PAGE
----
Whilst it is clear that a 7 year old shouldn’t be left at home alone and an 18 year old can, most parents find it hard to know exactly when in the grey area between those ages their children are ready to stay home alone.

In general, children need to reach a certain level of maturity and capability before they can be left home alone. If you have more than one child at home, then you need to ensure that all your children are at a stage when they can stay home alone before you can leave them without adult supervision. Even then, you should probably only leave them at home for a few hours and only during the day time. 

Assessing if Your Children are Ready

The first step you will need to take is to assess whether or not your children are ready to stay home alone. They should be comfortable managing all of the following situations before you consider letting them stay home unsupervised. 

1. Are Your Children able to Understand and Follow Rules?

If your children do not have the maturity to understand and follow house rules, then no matter how much you prepare them, they may not follow your safety guidelines and it is not a good idea to leave them at home alone.

2. Are Your Children Generally Calm and Able to Deal with Unexpected Situations?

The fear we have of leaving our children at home lies in whether or not they will know how to react to an unexpected situation and remember to follow the safety procedures which we have taught them. If your children are anxious, prone to panic or freeze, then you should wait awhile before allowing to stay home alone. 

3. Is Your Neighbourhood Safe?

If you live in a neighbourhood where there is crime, delinquency and the risk of bad influences, then you should not leave your child at home. Leaving them alone will expose them to danger and the possibility of meeting and falling in with unstable or criminal elements. 

4. Know How to Handle a Phone Call from a Stranger?

Do they know how to handle phone calls when you are away? If they receive a call from a stranger, they need to be able to respond with a simple comment like “My mother can’t come to the phone right now, if you leave your name and number I’ll ask her to call you later”. They should on no account engage in a conversation or reveal that they are home alone to strangers.

5. Follow Your Instructions to Stay Away from Stranger?

Do they know what to do if a stranger comes to the door? Again, on no account should your child answer the door and allow a stranger into the house.

6. Know what to do in a Household Emergency?

Do your children know how to put out a fire, know how to turn the water mains off in the event of an overflow, understand how to reset the mains should a power outage occur? Do your kids know how to administer basic first aid and where all your medical supplies are kept?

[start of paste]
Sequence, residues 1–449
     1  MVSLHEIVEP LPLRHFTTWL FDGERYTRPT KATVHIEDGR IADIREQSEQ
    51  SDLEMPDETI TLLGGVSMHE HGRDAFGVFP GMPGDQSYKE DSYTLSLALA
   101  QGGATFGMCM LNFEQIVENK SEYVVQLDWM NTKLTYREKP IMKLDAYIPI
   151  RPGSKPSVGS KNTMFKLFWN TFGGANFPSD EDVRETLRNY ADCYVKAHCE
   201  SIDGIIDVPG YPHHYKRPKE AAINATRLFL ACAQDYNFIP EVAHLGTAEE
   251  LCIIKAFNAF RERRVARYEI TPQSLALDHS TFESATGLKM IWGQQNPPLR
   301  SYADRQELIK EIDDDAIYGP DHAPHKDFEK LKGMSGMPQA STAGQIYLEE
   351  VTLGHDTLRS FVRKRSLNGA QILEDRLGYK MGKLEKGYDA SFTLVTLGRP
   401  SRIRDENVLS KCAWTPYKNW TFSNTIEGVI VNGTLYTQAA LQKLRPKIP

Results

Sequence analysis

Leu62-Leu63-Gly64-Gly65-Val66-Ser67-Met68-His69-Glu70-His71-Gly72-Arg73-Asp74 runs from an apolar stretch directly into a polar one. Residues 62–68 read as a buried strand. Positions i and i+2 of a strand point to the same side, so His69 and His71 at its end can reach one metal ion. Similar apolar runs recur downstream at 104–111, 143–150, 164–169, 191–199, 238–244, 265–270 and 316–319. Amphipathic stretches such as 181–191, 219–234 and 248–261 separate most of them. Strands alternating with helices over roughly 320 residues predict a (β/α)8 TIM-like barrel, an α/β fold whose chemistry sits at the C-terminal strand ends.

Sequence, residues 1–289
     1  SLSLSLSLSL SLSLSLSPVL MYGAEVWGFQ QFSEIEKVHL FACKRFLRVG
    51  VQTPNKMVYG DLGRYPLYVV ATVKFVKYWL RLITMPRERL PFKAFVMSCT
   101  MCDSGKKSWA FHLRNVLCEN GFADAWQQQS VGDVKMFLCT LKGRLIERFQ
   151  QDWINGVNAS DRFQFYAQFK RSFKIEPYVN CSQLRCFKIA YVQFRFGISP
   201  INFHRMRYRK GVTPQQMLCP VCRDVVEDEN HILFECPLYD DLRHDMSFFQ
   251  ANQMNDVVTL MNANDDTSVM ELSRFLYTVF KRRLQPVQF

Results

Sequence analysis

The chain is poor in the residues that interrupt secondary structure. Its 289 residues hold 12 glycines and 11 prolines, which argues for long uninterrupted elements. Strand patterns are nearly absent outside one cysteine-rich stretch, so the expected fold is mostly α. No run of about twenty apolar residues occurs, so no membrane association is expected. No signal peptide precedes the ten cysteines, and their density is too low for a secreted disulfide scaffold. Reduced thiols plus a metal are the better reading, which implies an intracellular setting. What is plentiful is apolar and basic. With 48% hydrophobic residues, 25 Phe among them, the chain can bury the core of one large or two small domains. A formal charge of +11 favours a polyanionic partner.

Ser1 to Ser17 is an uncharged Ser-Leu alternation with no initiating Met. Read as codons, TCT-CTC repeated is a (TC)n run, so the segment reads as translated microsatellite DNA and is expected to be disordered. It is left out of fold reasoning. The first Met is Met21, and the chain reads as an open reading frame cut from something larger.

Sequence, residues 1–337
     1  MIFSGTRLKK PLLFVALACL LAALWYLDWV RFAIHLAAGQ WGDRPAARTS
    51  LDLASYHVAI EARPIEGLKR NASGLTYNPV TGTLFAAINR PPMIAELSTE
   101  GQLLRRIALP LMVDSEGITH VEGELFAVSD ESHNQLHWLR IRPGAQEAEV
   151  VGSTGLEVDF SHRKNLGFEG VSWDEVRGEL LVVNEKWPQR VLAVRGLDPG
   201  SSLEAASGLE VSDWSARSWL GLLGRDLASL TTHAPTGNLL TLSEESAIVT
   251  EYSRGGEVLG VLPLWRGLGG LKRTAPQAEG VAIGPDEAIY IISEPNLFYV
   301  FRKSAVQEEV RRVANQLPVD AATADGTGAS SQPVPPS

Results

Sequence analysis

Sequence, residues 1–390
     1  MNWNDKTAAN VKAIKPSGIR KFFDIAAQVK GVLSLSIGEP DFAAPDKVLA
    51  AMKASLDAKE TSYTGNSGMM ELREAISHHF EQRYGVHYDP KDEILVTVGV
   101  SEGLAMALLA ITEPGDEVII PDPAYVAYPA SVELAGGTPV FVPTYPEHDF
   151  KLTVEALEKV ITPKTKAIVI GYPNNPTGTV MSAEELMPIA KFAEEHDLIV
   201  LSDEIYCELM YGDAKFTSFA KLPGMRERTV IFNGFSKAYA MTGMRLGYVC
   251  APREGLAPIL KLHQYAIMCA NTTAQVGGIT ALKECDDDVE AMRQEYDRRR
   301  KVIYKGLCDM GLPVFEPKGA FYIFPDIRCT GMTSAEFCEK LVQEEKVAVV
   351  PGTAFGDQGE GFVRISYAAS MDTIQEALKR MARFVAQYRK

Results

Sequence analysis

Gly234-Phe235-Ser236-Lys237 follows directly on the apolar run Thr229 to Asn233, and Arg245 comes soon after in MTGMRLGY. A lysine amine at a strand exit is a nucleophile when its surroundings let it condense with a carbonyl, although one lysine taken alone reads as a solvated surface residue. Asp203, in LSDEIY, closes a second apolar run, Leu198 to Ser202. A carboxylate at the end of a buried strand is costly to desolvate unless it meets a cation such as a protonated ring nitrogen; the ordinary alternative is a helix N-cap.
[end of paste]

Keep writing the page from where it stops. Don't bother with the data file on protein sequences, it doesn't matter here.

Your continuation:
7. Know How to Contact Key People for Help?

Make sure that your children have a list of key people to contact in emergencies. In addition to knowing how to contact you, other family members, friends or neighbours, they should know the names and numbers of the nearest hospital, their paediatrician, neighbours or family who are prepared to help, the police and the fire department.

8. Are Your Neighbours, Friends or Family Able to Help in an Emergency?

Make sure that you have trusted neighbours, friends or family nearby who will be able to help your children in the event of an emergency. Talk to them in advance and ask them if they will be able to help your children in the event of an emergency if you are unable to be there on time. 

Steps You Can Take to Prepare Your Children

If you feel that your children are indeed ready to stay home alone, then you should take some time to prepare them for their time alone at home. 

Start with Practice Runs

Start small. Leave them at home for about 30 minutes and stay nearby. Talk to them about how they felt and if they feel ready to stay home alone for longer periods of time. Run through what they should do in the event of an emergency and let them practice how to respond to different situations with you.

Agree on a Set of House Rules

Discuss what they can and cannot do whilst you are away. If friends and strangers are not allowed into the home, make this explicitly clear. Do you need them to complete their homework or chores first? Are they allowed to watch TV or go online? It is probably a good idea to install parental controls on your media devices to block inappropriate content. 

Share Your Itinerary

Let them know where you will be, what you will be doing and what your timetable looks like. This will give them a sense of security and will also make it easier to find you in the event of an emergency.

Make Sure You are Always Contactable

Keep your mobile with you at all times and respond to them immediately if they contact you. Don’t assume that they won’t need you whilst you are away.

Call Them Whilst You are Out

Give them a call whilst you are out. Let them know you are there if they need you and allow yourself to check in on them to make sure that all is well at home.

Arrange for Back Up Help in Case They Need It

Speak to your friends, family and neighbours and arrange for back up in the event of an emergency. Let your children know whom they can call and what to do if they need help urgently. 

Key Takeaways

  • Only leave your children at home alone if you feel that they are mature enough to deal with unexpected situations and have been equipped with basic safety skills.

  • Prepare your children by coaching them through possible emergency situations and starting with practice runs.

  • Create a support network and a backup plan for times when you may not be able to reach your children quickly in the event of an emergency.